able attention to the Turf, on which, however, he has not been so successful
as his costly investments in horseflesh have deserved.

Mr. Faber is a thorough sportsman, which is declared to be an inherent
quality in every Yorkshireman. On the Turf he always runs to win, and races
for the pure sport of the thing. Of late years he has been one of the familiar
figures at the historic Gimcrack dinner held at York, and was once known, to
entertain a distinguished company of " Cracksmen "' to an excellent vocal
divertisement. Indeed, if Mr. Faber had not been a wealthy man he could
have quite easily won a comfortable livelihood in the concert hall.

Large are the claims upon Mr. Faber's time in York, and he does his best
to meet the exacting demands of his constituents. One evening you may see
him figuring at a " smoker " at a workmen's or political club, associating with
the members of the amateur theatrical societies, or taking his part in a civic
function. It is all the same to genial Mr. Faber. He is quite at home in
ev j ry instance, and naturally immensely popular.

In 1895 he married Hilda Georgina, the youngest daughter of the late Sir
Fr'dtrick Graham, Bart., of Netherby. His town residence is 14, Grosvenpr
Square, and his clubs are the Carlton and United University. He also
occasionally resides at Rush Court, Wallingford, and possesses a handsome
place at Harrogate.

In 1905 Mr. Faber had conferred upon him the Order of the Companion-
ship of the Bath.

Alderman flatly Lane/ley, M.?P.

Alderman Batty Langlcy, M.P.

iIDELY known as the able and popular Member of Parliament
for the Attercliffe Division of Sheffield, Alderman Batty
Langley ranks as one of the most active and efficient repre-
sentatives of the Liberal and Radical party. He is a fluent
speaker and a forcible debater. The honourable gentleman always infuses
unmistakable energy and earnestness into every subject which he takes up, and
as he is invariably careful to study all the facts connected with a question, he
is consequently in a position to make out a strong, if not an absolutely con-
vincing, case. For this reason his opinions, although of course not satisfac-
tory to everybody, have at least the merits of candour and common sense.
Whilst firmly supporting, too, that which he considers to be right and just, and
thoroughly outspoken in controversy, Mr. Batty Langley is never bigoted
or unduly hairsh; and in addition to treating those who may differ from
him on any point with every courtesy he takes care never to say anything that
would leave room for anyone to question the sincerity of his convictions. A
large-hearted gentleman, he is possessed of broad sympathies, and is the soul
of honour.

Born in 1834 at Uppingham, Rutland, Alderman Langley, M.P., is the son
of the late Thomas Langley, of that town, and was educated at Uppingham
School. He came to Sheffield in the fifties, and in 1863 commenced business
on his own account as a timber merchant, and is now proprietor of the Sheaf
Saw Milla Took to public work on the Liberal and Nonconformist side as
a young man, and some years ago was honoured with the presentation on


completion of fifty years connection with Queen Street Congregational Church
and Sunday School.

Mr. Langley entered the Sheffield Council in 1871, and is now one of its
four oldest members; he became Alderman. 1890, and Mayor 1892-93. During
has year of office as Mayor of Sheffield, the great dispute in the coal trade
commenced, and he suggested and held a conference of five Mayors (Sheffield,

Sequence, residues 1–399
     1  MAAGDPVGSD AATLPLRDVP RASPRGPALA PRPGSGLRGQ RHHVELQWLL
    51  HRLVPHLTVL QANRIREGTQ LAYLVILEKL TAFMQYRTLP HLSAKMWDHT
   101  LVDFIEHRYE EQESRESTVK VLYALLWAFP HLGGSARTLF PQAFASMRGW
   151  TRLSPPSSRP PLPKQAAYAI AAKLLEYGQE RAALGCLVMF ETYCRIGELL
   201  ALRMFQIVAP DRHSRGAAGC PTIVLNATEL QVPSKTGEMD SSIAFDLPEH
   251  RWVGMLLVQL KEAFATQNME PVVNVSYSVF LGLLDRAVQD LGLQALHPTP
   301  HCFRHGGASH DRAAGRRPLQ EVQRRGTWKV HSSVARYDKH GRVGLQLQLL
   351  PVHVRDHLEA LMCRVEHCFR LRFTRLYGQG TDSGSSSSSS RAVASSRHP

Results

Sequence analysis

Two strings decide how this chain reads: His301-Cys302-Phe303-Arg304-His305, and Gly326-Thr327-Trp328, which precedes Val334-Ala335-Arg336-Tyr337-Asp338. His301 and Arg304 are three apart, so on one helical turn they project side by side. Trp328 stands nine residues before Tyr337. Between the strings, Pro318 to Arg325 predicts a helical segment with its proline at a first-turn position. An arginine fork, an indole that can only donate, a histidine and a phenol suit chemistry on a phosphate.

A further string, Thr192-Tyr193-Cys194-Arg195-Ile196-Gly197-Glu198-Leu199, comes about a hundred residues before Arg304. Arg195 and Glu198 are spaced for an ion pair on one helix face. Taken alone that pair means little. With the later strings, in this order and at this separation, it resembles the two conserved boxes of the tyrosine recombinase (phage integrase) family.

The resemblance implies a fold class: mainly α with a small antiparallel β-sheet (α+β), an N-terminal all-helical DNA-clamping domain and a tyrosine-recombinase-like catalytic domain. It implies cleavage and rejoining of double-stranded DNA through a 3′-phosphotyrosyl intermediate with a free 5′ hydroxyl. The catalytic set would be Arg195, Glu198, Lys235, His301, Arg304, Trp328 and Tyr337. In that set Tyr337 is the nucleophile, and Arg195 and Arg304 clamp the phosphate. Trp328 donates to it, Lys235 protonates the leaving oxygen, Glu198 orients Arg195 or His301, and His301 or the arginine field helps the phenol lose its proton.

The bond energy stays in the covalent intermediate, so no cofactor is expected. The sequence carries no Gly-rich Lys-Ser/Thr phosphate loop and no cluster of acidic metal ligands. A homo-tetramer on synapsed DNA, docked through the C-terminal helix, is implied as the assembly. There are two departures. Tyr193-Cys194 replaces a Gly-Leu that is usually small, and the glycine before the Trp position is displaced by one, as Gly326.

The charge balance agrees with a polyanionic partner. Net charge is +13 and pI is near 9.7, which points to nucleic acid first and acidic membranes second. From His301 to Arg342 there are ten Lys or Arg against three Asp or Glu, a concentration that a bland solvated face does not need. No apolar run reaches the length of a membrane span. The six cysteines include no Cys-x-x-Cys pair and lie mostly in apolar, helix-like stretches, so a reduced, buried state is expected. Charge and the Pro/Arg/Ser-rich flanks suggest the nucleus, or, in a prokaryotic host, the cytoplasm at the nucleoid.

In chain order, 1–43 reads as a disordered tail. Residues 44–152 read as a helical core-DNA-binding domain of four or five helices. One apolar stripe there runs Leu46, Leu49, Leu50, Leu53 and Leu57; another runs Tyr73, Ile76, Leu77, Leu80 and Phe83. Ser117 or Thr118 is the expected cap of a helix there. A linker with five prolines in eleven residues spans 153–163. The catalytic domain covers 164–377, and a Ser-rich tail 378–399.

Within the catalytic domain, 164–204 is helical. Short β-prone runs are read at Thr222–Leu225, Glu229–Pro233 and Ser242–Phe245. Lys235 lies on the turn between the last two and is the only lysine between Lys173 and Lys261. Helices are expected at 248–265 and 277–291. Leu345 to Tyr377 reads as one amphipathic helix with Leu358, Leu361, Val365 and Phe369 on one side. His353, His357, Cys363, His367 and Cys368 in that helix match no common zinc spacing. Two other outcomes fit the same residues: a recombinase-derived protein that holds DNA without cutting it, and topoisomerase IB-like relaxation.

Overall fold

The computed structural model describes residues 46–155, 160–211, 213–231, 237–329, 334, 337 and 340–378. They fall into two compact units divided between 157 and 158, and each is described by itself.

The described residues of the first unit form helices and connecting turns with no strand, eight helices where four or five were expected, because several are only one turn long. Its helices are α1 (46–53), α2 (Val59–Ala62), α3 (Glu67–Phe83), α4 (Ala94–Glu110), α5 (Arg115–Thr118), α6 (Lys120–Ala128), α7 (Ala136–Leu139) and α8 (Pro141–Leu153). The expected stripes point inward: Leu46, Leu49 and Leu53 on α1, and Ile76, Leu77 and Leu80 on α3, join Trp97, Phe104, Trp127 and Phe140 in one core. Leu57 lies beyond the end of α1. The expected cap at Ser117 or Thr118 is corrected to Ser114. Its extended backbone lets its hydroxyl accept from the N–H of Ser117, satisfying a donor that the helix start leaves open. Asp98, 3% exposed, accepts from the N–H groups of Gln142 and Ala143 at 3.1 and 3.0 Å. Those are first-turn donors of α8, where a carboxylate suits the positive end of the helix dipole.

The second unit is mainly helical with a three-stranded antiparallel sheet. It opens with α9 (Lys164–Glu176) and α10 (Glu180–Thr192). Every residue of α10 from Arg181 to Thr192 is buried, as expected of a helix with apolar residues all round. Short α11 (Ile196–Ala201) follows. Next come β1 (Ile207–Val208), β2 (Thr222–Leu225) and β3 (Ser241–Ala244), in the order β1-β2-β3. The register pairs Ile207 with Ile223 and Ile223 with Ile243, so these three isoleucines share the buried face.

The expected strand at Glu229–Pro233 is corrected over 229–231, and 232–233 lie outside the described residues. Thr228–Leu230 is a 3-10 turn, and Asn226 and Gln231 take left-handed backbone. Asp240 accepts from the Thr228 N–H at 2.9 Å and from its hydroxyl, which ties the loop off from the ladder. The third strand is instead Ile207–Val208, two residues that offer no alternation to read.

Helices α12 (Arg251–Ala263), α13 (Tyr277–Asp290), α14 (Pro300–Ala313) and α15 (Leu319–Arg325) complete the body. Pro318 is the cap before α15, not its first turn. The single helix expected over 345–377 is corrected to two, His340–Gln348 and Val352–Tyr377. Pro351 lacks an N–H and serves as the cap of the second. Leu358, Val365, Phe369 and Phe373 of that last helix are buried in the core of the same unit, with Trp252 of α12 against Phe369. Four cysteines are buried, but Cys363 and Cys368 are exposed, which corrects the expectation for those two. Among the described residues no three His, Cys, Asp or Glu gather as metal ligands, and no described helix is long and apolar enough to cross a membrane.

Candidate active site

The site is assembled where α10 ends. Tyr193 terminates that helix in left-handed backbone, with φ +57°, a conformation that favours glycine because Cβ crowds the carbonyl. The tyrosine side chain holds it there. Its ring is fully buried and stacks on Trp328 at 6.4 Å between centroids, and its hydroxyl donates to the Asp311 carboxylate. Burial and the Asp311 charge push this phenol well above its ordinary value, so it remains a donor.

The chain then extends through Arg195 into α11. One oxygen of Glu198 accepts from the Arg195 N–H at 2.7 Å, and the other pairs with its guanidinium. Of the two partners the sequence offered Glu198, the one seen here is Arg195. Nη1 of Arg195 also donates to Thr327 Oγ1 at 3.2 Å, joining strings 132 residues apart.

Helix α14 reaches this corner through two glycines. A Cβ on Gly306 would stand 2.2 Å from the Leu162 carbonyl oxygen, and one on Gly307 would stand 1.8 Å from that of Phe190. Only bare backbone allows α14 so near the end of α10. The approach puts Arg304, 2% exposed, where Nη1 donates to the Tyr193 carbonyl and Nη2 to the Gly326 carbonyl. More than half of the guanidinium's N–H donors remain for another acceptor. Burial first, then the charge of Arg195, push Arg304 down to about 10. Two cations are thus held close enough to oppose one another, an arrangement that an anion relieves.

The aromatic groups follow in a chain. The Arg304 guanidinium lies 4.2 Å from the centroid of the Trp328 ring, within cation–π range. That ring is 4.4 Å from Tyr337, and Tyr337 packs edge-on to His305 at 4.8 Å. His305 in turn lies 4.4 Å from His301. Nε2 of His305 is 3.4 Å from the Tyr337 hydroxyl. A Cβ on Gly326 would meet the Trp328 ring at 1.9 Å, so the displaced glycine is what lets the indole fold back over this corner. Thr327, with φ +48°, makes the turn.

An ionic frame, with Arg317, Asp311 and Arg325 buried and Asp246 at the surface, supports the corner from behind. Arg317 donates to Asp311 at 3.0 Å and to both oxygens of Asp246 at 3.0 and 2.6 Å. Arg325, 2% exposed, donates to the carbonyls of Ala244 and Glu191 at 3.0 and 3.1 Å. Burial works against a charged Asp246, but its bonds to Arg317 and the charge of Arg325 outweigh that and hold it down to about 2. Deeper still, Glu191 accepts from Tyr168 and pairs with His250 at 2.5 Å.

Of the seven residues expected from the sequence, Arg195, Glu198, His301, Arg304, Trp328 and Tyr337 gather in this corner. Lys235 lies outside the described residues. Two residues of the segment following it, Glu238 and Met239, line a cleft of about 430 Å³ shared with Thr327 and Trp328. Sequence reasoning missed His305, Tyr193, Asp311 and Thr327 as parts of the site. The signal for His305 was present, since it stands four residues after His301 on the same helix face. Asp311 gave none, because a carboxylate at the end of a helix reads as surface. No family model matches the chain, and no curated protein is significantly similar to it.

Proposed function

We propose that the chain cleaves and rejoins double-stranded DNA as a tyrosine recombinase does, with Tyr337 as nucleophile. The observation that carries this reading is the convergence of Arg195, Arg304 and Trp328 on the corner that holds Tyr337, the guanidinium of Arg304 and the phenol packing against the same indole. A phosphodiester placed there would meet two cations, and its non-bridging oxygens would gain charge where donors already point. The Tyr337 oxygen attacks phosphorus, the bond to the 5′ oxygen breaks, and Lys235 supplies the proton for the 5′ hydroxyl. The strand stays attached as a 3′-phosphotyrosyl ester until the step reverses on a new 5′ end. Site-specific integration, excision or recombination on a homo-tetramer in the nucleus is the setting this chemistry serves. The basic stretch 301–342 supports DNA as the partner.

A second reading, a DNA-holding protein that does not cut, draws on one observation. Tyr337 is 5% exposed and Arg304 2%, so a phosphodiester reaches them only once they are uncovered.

Barnsley, Leeds, Bradford, and Derby), who took steps to bring the coal-
owners and miners together with a view of settling the dispute ; but the strug-
gle continued some weeks longer. In the following year, 1894, by the death
of Lord CoiUeridge, his son, the Horn Bernard Coleridge, vacated his seat in
Parliament for the Attercliffe Division, and Alderman Langley was chosen
as the Liberal candidate. Besides his Conservative opponent, Mr. G. Hill
Smith, there wafc a' candidate, Mr. Frank Smith, put forward by the Indepen-
dent Labour Pairty. The three-cornered contest, which attracted attention
throughout the country, was very bitterly fought, but it resulted in a victory
for Alderman Langley by nearly a thousand votes over his Conservative
opponent!; but the Labour vote was 1,294. Since then the division has not
been contested, and Alderman Langley sit ill represent it. Alderman Langley
has occupied nearly all positions of public trust open to citizens of Sheffield.
He is a Justice of the Peace for both city and county.

A gratifying feature of Alderman Langley's Parliamentary life has been,
and is, his regular attendance. If every member were as devoted to his duties
at St Stephen's as is the worthy Alderman, the division lists would be apprecia-
bly swollen, and the anxiety and strain on the Party whips sensibly lessened.
Mr. Langley's ardent services to his constituents in the House of Commons
arise less from mere partisanship, than from a desire to safeguard and advance
the interests of his entire constituency. He is, as already stated, a very
popular MP., and is much liked in the Division he represents so exceptionally
well in the House of Commons.

His residence is Langhill, Manchester Road, Sheffield, and his club, the
National Liberal, London.

A. J. Sherwell, Esq., M.P.


N these days of social controversy the country is undoubtedly in
need of such minds as that of Mr. Arthur James Sherwell,

M.P. for Huddersfield.

Mr. Sherwell, who is a member of a West Country
family, was born in London in 1863, and has devoted a considerable portion of
his studious and busy life to research into social questions. Although his
family were members of the Church of England, the subject of this sketch
attached himself to the Wesleyan body, and entered the Handsworth College,
Birmingham, to prepare himself for the Ministry. After labouring in the
Broomsgrove and Brighouse circuits, he joined the Rev. Hugh Price Hughes
in West London, and in 1893-4, took charge of the mission which centred
around Princes Hall, Piccadilly. He then severed his active connection with